Once we navigate to the screen, we can retrieve the arguments we passed through the GetX arguments parameter by implementing this code on the screen.

Dart
class Page2 extends StatefulWidget {
  const Page2({super.key});

  @override
  State<Page2> createState() => _Page2State();
}

class _Page2State extends State<Page2> {
  var arguments = Get.arguments; // -----> this line

  @override
  Widget build(BuildContext context) {
    print(arguments); // ----------------> this line
    return const Scaffold(
      body: Center(
        child: Text("Page 2"),
      ),
    );
  }
}

You will get your argument printed in the console.

[GETX] GOING TO ROUTE /Page2
I/flutter ( 4596): {data: [{name: Parth Darji}, {name: Vedant Darji}], message: All data get successfully}

Please note that there is another parameter called \[parameters] that functions similarly to arguments. However, it only supports the Map\<String, String> data type. On the other hand, arguments support dynamic types, which means you can pass arguments of any data type.

Also Read:  The Right Way to Convert Hex to Flutter Color

Transitions: PageTransitions in GetX Flutter

If you desire a visually appealing transition during navigation, use the following code. Feel free to test and experiment with it.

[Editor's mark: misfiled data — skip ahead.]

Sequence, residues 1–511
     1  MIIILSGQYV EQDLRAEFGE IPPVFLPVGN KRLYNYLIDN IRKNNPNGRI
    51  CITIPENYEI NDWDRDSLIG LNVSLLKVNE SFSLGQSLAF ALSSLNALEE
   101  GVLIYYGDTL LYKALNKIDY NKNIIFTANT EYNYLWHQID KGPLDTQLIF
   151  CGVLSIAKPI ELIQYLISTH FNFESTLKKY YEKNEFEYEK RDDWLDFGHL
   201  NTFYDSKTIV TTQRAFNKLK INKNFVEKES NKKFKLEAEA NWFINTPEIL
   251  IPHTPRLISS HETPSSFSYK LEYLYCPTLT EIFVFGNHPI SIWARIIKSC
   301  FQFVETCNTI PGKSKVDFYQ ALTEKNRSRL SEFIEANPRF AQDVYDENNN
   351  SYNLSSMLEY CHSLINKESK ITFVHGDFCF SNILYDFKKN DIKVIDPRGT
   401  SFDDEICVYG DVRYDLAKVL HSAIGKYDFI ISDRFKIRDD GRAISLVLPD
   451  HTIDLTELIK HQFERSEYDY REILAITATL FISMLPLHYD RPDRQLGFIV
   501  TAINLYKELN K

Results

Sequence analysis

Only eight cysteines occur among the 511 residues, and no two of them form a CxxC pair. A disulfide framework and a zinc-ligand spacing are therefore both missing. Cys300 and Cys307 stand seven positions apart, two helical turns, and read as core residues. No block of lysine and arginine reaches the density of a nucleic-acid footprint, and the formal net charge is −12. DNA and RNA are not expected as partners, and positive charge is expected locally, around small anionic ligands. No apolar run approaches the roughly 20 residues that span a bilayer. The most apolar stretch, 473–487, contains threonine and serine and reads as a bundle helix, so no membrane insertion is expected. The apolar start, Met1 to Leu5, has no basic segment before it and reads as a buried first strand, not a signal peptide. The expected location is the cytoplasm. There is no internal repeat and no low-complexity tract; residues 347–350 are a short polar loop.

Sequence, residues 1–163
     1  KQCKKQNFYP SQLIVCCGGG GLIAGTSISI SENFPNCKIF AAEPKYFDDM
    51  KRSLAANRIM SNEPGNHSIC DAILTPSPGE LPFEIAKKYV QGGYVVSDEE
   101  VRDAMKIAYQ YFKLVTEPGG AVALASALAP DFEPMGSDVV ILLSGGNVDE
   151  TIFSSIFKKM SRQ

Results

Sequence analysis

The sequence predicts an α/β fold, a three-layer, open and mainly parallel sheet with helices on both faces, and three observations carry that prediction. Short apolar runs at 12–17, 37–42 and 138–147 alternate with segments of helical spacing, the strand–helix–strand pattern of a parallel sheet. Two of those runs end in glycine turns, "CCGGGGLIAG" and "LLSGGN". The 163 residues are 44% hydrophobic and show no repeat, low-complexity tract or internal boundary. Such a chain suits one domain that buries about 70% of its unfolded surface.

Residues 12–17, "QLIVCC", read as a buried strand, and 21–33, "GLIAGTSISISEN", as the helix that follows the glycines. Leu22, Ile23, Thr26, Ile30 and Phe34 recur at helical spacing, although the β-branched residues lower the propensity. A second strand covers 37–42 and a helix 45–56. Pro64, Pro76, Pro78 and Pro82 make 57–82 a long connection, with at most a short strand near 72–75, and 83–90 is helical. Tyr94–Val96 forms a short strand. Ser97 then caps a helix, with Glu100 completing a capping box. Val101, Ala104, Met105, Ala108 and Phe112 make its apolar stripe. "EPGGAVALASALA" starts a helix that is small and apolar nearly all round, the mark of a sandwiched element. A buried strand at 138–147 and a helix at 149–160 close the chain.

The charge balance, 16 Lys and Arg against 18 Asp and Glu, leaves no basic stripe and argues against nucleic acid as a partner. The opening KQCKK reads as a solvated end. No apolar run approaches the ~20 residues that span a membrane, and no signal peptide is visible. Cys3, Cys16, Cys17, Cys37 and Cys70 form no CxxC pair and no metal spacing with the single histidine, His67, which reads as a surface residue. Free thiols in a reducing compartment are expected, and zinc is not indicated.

Dart
Get.to(
   LoginScreen(),
   arguments: response,

   // This is how you give transitions.
   transition: Transition.leftToRightWithFade,
);

Below is a list of various types of transitions available.

  • Transition.fade
  • Transition.fadeIn
  • Transition.rightToLeft
  • Transition.leftToRight
  • Transition.upToDown
  • Transition.downToUp
  • Transition.rightToLeftWithFade
  • Transition.zoom
  • Transition.topLevel
  • Transition.noTransition
  • Transition.cupertino
  • Transition.cupertinoDialog
  • Transition.size
  • Transition.circularReveal
  • Transition.native

Additionally, it is possible to set the duration of the transition between navigations.

Dart
Get.to(
   LoginScreen(),
   arguments: response,

   // This is how you give transitions.
   transition: Transition.leftToRightWithFade,

   // This is how you can set the duration for navigating the screen.
   duration: const Duration(seconds: 3),
);

Furthermore, there are additional parameters related to navigation that you can explore in the Get function.

  • binding
  • curve
  • fullscreenDialog
  • gestureWidth
  • id
  • opaque
  • popGesture
  • preventDuplicates
  • routeName

Please note that I cannot provide you with the complete documentation for GetX here. However, you can navigate to the GetX library code by pressing the control (on the keyboard) and left-click button. This will allow you to explore all of the features that they have provided.

Middlewares: How To Protect Routes in GetX Flutter

Let’s now understand how to safeguard the routes from unauthorized access. For instance, you may want to restrict access to routes to only those users who are logged in.